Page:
I am indeed very grateful to Sangeet Milon for giving me an opportunity to pen down my memories of enlightening days at the Pt. V.N. Bhatkhande Music College of Lucknow.  I am tempted to travel back in time to the early fifties , when I was fortunate to have been transferred to Lucknow during my service with LIC which gave me an opportunity , with much spare time, to seriously learn music. I was already taking initial lessons in music in Mumbai during very little spare time at my disposal after day long service with Oriental Assurance Company.

I had heard a lot about the Maris College of Hindustani Music at Lucknow established by Pt. V.N.  V.N. Bhatkhande. But this was a God’s given gift to me to be in Lucknow for a period of nine years . This opportunity gave a meaningful matrix and an enduring momentum to my persuit of music.

When one talks of the past musical glory of Lucknow, and of the fine old refined culture of a bygone era, many of the personalities closely associated with the Pt. V.N. Bhatkhande College come floating before one’s vision. Though the years in fifties reflected change in the social and cultural attitude in general, as compared to the early twentieth century, even then those were not perhaps days of material affluence for musicians. The celebrity musicians during those days were content with modest remuneration offered to them. They were deeply absorbed in their art and had no time to waste for politicking. Those were the days when the artistes and their coterie of disciples and admirers had all the time in the world to enjoy full night sessions and private mehfils of music and dance to their heart’s content. The great Ustads and Pandits of that era used to visit  Pt. V.N. Bhatkhandeji and revered Guruvarya Acharya Ratanjankarji, known to us as Annasaheb, in their humble, little room in the college, enjoying the simple and warm hospitality of the hosts. They used to have lively and fruitful discussions on music and many great visiting musicians gave inspiring demonstrations for the staff-students and some distinguished music lovers of the city. This was all narrated to us by revered Annasaheb and Natusaheb. Myself and my contemporaries who were students of the college in those nineteen fifties and sixties were really fortunate to have got those opportunities to listen and touch the feet of some of the great celebrated artistes who had become legends in their own lifetime. But gradually, the powerful winds of change began to blow and materialistic age was silently creeping in. The last brief flashes of the flames of the musical genius of Lucknow began to fade out.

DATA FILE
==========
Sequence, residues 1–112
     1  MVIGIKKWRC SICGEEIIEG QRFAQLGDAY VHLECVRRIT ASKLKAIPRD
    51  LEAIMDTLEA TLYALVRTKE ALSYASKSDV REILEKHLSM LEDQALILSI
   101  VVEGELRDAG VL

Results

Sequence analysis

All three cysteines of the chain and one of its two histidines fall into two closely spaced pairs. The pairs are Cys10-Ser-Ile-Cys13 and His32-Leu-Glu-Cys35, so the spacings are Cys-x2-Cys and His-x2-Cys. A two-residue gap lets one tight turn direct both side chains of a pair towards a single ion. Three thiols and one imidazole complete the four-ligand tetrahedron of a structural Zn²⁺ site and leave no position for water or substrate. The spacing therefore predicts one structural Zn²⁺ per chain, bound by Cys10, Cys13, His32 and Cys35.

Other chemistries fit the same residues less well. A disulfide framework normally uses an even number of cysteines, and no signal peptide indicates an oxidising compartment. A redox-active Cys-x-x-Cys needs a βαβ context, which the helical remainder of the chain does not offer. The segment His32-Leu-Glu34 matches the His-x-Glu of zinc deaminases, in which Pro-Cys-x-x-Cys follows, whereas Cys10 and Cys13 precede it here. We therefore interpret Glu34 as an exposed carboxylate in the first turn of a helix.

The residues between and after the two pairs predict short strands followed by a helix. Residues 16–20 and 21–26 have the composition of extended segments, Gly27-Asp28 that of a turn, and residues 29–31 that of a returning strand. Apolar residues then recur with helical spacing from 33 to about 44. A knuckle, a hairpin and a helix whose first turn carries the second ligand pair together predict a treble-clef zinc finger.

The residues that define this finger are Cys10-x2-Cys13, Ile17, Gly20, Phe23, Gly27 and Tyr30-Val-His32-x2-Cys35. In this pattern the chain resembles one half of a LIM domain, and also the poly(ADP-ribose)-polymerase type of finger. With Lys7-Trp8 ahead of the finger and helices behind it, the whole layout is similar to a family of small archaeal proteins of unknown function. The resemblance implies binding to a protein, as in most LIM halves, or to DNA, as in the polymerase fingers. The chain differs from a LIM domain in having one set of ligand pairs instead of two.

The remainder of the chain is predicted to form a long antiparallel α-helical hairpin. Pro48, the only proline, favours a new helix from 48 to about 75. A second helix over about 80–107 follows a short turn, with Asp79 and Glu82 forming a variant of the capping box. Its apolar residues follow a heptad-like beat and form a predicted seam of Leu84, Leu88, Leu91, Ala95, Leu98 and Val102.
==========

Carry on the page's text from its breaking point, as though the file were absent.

Pt. V.N. Bhatkhande and Pt. Vishnu Digambar Paluskar are regarded as two pioneers who were responsible for the renaissance and efflorescence of our classical music in the early 20th century. They sacrificed their entire life-time with determination and vision of uplifting  the art and science of music and establishing the social status and prestige of the musicians and the music itself.  Pt. V.N. Bhatkhandeji’s incessant efforts to consolidate and systematise Hindustani music had resulted in establishing Maris College of Hindustani Music at Lucknow in 1926. Here he evolved a method of effective, systematic training in Hindustani Music which gained tumultuous approval among the intelligentsia and also in musicians’ circle. His multi faceted task of installing the art of music in its rightful place in the cultural academic and social life of the country was deeply regarded as incomparable contribution in the annuls of History of Indian Music.